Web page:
Here’s the Beef

Two transplanted Manhattanites turn Red Hook into a culinary destination with the opening of their authentic steakhouse

The shortest road to men’s hearts is down their throats,” wrote statesman John Adams in 1814. Nearly two hundred years later, those words, if applied to me, would be, “The shortest road to this woman’s heart is through a generous piece of succulent pork belly.”

With eyes that have a laser-like ability to spy any variation of this dish on a menu, the Molasses Braised Pork Belly with Wilted Escarole was the first item that popped into my field of vision at Flatiron, the new restaurant in the northern Dutchess County village of Red Hook.

Surprisingly, I didn’t order it, nor did any of my dining partners. There was too much else to try, and we had all agreed to share.

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The husband-and-wife team of Jessica Stingo and Craig Stafford opened Flatiron last August in the storefront formerly occupied by Libby McKee’s. “We named it Flatiron because we are a steak restaurant focusing on local ingredients. We both worked and met in the Flatiron section of New York City, so in every way, the name is close to our hearts,” says Stingo.

New kids on the block:
Flatiron’s Craig Stafford and Jessica Stingo

Diners can eat at the bluestone bar or in the newly painted mauve dining room. The bar appears to have taken off; a steady stream of happy clients enjoyed the quality assortment of liquors and draft and bottled beers while we were there. House cocktails, all reasonably priced at $9, include the “Red Hook” — Wild Turkey Rye Whiskey, Punt e Mes, and a dash of maraschino liquor. There is a generous selection of wines by the glass, half and full carafes of house red or white, and a well-thought-out wine list put together by Stingo, who previously worked as head bartender and wine purchaser at Giorgio’s of Gramercy.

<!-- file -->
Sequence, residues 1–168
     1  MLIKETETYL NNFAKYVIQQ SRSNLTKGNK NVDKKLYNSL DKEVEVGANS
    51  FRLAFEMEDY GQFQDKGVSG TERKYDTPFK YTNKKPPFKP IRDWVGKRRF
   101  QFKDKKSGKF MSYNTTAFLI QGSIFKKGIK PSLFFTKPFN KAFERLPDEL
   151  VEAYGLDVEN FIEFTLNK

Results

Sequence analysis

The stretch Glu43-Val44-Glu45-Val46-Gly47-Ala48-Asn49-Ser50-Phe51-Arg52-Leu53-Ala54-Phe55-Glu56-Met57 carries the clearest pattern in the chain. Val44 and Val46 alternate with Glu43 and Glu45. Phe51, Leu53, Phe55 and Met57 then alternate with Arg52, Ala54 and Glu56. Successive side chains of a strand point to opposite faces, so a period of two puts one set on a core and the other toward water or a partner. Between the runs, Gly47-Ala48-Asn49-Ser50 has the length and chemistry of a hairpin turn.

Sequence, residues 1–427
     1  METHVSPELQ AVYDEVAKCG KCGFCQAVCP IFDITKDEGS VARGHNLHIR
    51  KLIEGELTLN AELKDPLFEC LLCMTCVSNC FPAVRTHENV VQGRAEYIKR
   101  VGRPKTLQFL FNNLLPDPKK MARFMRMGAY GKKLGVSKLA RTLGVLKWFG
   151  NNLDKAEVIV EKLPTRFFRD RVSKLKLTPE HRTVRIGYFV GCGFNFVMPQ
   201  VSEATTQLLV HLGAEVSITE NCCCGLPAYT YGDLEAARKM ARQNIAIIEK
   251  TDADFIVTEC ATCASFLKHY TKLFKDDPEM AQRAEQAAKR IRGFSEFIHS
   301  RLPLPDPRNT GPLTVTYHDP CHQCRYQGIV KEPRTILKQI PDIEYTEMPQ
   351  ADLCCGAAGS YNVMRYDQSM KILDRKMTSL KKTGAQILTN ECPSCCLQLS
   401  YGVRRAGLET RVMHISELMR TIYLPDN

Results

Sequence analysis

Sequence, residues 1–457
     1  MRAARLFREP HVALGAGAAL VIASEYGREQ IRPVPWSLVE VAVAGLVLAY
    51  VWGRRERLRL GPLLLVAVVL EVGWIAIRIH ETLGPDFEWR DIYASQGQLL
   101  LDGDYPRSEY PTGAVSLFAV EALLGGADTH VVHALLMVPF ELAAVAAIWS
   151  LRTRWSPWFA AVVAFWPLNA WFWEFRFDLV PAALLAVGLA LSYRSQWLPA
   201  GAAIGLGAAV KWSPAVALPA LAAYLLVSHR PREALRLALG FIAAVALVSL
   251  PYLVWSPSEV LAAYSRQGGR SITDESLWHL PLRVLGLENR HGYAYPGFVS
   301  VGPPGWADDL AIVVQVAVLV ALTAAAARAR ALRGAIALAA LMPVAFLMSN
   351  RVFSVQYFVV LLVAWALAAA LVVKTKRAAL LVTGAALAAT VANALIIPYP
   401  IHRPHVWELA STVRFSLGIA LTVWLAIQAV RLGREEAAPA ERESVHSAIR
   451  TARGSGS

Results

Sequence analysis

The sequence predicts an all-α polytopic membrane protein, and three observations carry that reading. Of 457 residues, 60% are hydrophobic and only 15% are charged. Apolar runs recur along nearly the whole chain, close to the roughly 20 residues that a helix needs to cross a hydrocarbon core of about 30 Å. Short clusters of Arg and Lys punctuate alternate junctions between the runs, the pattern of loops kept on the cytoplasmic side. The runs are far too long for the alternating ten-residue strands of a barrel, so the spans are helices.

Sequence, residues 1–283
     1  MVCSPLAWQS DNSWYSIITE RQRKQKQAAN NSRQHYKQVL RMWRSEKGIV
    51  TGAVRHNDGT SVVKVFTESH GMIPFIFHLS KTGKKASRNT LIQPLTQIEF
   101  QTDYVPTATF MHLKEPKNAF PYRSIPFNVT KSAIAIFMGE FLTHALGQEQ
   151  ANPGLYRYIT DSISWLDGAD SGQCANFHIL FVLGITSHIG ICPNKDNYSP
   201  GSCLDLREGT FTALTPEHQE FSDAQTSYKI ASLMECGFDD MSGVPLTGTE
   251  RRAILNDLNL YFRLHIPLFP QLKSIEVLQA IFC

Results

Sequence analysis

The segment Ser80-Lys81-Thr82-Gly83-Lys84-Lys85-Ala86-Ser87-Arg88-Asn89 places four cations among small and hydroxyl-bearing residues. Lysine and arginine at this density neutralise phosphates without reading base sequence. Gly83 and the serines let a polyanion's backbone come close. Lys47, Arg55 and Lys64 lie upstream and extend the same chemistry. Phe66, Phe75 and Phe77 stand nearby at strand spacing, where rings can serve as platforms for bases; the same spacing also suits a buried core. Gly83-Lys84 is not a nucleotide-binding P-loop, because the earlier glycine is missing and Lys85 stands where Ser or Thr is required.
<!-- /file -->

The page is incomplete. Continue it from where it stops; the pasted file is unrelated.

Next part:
Admittedly, the dining room could use a little brightening. The dark floors and brown butcher paper table covers — while in keeping with the steak house theme — are a bit drab, and when coupled with dim lighting, they give the room a somewhat somber atmosphere. But the tables themselves are spaced far enough apart so conversation is private, and the staff is attentive enough to notice when water and wine glasses need refilling.

The CIA-trained Stafford comes to the area via the New York City kitchens of Beacon and Giorgio’s (where he was executive chef). He has created a menu that is adventurous yet easygoing and accessible. The one-page lineup is organized so that diners can be comfortable ordering a simple snack, a light meal, or a multicourse dinner. The extensive list of appetizers includes sweet BeauSoleil oysters from the waters of the Northern Atlantic and briny Pemaquids from Maine, served raw or roasted. Our waiter suggested the Pemaquids and he was right on: plump and glisteningly fresh, if we had harvested them that evening they could not have tasted better.

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When a restaurant features steak tartare on the menu, it’s a sign that they take their food seriously. It’s a shame that this culinary innovation is so often a “Yuck, I won’t eat that” item — but that’s certainly not the case at Flatiron. Stafford serves a generous, perfectly seasoned mound of filet-mignon quality tenderloin topped by crisp fried parsley, which offers a contrasting texture. Stafford’s Caesar salad (a special that evening) is the real thing, topped with anchovies and croutons and dressed in a creamy vinaigrette. The branzino and clam chowder (with bacon, corn, and potato in a rich tomato broth) could be a meal by itself.